11 months ago, I found myself in a creative rut of sorts. All my portraits, whenever I did decide to shoot them, had the help of some additional light. I also had a go to lighting set up that I would find myself using for most of these portraits which got me questioning whether I had become a one-dimensional portrait photographer. I was bitten by the strobist bug. And it hit me hard. I’m Kip. And I’m a strobist. (Now whoever reads this responds with this: “Hi, Kip.”)
Now on to what came out off that period of, should I say, “self doubt.” I started challenging myself to shoot portraits using JUST ambient light for the next 30 days. The first two people that I shot were officemates that I just happened to be with on those days. The next few days, however, were of people who I did not really talk to and could just as well be called strangers. It was then that I decided to really push myself and start shooting strangers who were in jobs that we would encounter everyday but didn’t really pay any attention to. Every day, I would share a portrait of a person with just their name and their work. I wanted the photos to speak for themselves. At the end of each day, I wanted to put a name and face to these jobs that should definitely be recognised.
Fast forward to today. My portraits have really benefited a lot from that month long exercise. How I light is now significantly cleaner and more controlled for portraits and food alike compared to my photos from a year ago. I have developed a system with how I do things, already being able to better visualise how the photo will look in the frame with the light that I had to work with as well as the light that I was adding through my flashes. So yes, this was a pretty awesome space to be in. I was getting very comfortable with how I work.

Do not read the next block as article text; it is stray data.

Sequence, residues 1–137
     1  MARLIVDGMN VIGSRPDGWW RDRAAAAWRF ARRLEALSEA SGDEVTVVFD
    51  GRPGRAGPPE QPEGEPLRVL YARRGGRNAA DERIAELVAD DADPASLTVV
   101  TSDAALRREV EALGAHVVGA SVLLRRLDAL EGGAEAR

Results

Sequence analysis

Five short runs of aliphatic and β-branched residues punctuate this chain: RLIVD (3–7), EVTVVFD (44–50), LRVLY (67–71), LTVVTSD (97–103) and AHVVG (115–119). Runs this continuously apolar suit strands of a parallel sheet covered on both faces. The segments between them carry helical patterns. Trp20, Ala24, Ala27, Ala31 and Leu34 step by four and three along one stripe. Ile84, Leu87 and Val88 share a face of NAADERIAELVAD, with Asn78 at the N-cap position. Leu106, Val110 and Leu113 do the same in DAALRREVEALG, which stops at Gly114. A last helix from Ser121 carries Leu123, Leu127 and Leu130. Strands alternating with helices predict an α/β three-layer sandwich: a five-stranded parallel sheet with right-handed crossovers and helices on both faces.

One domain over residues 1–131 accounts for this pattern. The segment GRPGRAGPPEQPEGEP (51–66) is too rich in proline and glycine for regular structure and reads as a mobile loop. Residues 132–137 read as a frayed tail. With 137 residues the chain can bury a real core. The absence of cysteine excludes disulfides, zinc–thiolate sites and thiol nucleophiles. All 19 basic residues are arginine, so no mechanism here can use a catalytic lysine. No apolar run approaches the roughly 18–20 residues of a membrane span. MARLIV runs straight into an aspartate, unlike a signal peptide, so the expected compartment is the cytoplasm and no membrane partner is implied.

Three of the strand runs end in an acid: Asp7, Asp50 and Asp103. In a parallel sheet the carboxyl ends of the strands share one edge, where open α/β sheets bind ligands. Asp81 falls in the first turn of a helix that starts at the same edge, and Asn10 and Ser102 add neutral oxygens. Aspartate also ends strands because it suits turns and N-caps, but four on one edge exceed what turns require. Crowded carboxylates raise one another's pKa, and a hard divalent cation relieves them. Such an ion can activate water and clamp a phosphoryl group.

On being “comfortable”
Then it got me thinking. How good is comfortable? Comfortable makes me more efficient. I know what to do given the environment. I get a better starting point for my photos with my very first set up. I spend less time trying things that I know won’t work. Comfortable is good. Comfortable is stable.
However, comfortable can be a bit limiting. You know what works and you stick with it. After all (Warning: Incoming cliche), why fix something that isn’t broken? Which brings me on to my main point: Placing yourself outside of your comfort zone can really help you grow in leaps and bounds by really pushing you to not just think outside of the box, but to eventually make your box just a little bit bigger. You get to add a few more guns to your artistic arsenal, whatever craft you might be in.
So what do I do now that I’ve typed all of these little thoughts that have been running around at the back of my head? I noticed that most of the photos that I took came from just one lens. What made the way I work and how I shoot more comfortable was the fact that I knew I what I would see when I look through the viewfinder. I’ve trained my mind to already anticipate how the shot “should” look to the point that changing the lens would be a “last resort.” This had to be challenged.
For the next few weeks, I will be bringing my camera along with me. Most of the photos that I will take will be from my 35mm f/2.8 (Hating myself for the technical description but I really don’t know how else to describe this). Doing this will literally change my perspective of how I shoot. For now, I really don’t have a specific focus on my subjects. Just the thought of shooting with a now unfamiliar lens is actually quite daunting. So much so that I’m just hoping that I don’t mess these photos up. I’ll be sharing them every now and them here at the blog but do check my Instagram feed out though for more regular updates on my mini project. Wish me luck. Cheers!
IG: kipaguirre (http://www.instagram.com/kipaguirre)
P.S. On a final note, happy happy birthday Mother Mary!